You invest in dividend-paying stocks by researching stocks by first understanding how they work and the terminology that accompanies them.
Today I want to offer some help for anyone who is feeling confused by all the information available on financial news platforms. I see many people with little investment experience jumping into the stock markets because truth be told, it’s the only game in town if you want to grow your portfolio or turn retirement savings into retirement income.
My Dividend Hunter service focuses on helping investors build a sustainable, high-yield income stream. A big part of what I do is to educate my subscribers. Through the hundreds of emails I receive and the questions frequently repeated during my webinars, I find that many investors are fairly new to the markets and are not sure about the characteristics of the investments they own.
The financial news media can provide entertainment about the markets, but that’s what it is: entertainment. If you take your investing cues from the mainstream financial outlets, you are bound to fail. And failing means losing your hard-earned money.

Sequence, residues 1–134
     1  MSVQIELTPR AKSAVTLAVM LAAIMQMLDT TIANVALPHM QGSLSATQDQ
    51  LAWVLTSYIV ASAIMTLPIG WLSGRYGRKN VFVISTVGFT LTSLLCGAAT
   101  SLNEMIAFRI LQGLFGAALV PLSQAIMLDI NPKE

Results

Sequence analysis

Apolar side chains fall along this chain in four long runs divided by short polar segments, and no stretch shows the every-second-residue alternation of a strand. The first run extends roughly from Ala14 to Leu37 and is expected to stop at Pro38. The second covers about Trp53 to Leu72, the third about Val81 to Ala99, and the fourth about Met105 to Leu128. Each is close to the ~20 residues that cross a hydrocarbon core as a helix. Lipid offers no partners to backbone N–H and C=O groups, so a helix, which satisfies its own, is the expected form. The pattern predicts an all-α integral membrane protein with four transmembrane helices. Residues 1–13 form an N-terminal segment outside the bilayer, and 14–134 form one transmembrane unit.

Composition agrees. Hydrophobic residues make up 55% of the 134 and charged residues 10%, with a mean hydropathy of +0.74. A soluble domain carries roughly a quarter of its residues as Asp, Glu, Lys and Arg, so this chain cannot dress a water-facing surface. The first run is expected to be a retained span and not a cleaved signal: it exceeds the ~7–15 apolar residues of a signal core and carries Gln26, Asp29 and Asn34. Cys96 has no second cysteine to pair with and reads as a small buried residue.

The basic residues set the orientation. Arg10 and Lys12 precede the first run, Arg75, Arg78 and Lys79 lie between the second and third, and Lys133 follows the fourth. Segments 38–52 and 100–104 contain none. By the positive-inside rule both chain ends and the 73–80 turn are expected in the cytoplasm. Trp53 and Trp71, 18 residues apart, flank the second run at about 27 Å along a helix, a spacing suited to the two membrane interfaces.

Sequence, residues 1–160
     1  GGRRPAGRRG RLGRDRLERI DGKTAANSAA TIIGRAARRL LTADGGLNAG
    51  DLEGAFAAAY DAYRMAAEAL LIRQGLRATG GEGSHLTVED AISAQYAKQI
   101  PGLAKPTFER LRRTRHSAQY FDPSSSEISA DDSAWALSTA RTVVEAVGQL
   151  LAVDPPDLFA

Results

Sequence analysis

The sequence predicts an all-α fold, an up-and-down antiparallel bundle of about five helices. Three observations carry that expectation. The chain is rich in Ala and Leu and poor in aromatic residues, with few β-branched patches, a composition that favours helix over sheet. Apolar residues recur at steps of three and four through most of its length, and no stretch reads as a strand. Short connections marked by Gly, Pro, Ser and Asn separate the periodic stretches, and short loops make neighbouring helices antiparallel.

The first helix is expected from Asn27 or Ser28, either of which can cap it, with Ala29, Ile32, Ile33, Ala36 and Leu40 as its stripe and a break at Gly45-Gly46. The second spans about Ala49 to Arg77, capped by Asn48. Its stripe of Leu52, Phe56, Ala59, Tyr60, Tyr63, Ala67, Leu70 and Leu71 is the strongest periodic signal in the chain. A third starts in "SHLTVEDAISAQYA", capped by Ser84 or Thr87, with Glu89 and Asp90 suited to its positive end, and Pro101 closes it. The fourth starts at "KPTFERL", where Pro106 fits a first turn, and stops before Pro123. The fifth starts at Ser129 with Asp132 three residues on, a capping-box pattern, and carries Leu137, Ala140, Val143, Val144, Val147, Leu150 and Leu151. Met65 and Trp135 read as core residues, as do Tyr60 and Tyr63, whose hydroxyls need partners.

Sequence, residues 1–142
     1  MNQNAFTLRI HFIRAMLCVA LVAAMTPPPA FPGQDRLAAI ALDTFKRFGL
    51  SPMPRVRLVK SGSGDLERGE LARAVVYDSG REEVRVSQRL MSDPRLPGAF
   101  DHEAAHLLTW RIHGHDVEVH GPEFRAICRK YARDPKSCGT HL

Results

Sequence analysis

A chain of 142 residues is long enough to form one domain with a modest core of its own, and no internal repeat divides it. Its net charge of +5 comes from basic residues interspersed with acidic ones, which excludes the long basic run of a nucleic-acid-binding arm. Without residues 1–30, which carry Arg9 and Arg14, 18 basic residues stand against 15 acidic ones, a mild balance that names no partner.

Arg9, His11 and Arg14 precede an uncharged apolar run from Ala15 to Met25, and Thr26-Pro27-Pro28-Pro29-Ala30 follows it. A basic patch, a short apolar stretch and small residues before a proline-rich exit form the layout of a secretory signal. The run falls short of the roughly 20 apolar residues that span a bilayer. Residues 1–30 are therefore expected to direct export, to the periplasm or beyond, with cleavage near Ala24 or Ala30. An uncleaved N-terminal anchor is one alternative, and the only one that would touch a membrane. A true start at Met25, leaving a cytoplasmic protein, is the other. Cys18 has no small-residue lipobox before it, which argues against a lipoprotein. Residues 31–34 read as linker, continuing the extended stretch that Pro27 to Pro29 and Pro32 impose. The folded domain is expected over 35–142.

The financial markets are tremendously complicated. Take a look at this list of basic terms and see how many you understand:
- common stock shares
- preferred stock shares
- exchange-traded funds (ETFs)
- exchange-traded notes (ETNs)
- closed-end funds (CEFs)
- master limited partnerships (MLPs)
- real estate investment trusts (REITs)
- business development companies (BDCs)
- put and call options
If you want to invest for income, all of these terms should be part of your informed vocabulary.
On top of that, I know that investors get confused about yields vs. dividend amounts, dividend declaration dates, the ex-dividend date, and when dividends are paid. For example, you must own shares before the ex-dividend date to earn the next dividend payment.
Success for my subscribers is a huge goal of mine. Because of that, I think educating investors about the details of the investments I recommend will be as important as the investment recommendations themselves.
If you are new to investing, I highly suggest joining my Dividend Hunter service. During the first year of your subscription, make an effort to absorb all of the education I provide about being an intelligent, informed investor. The education alone will be worth many times the small amount it costs to subscribe. You may even like some of my high-yield investment recommendations!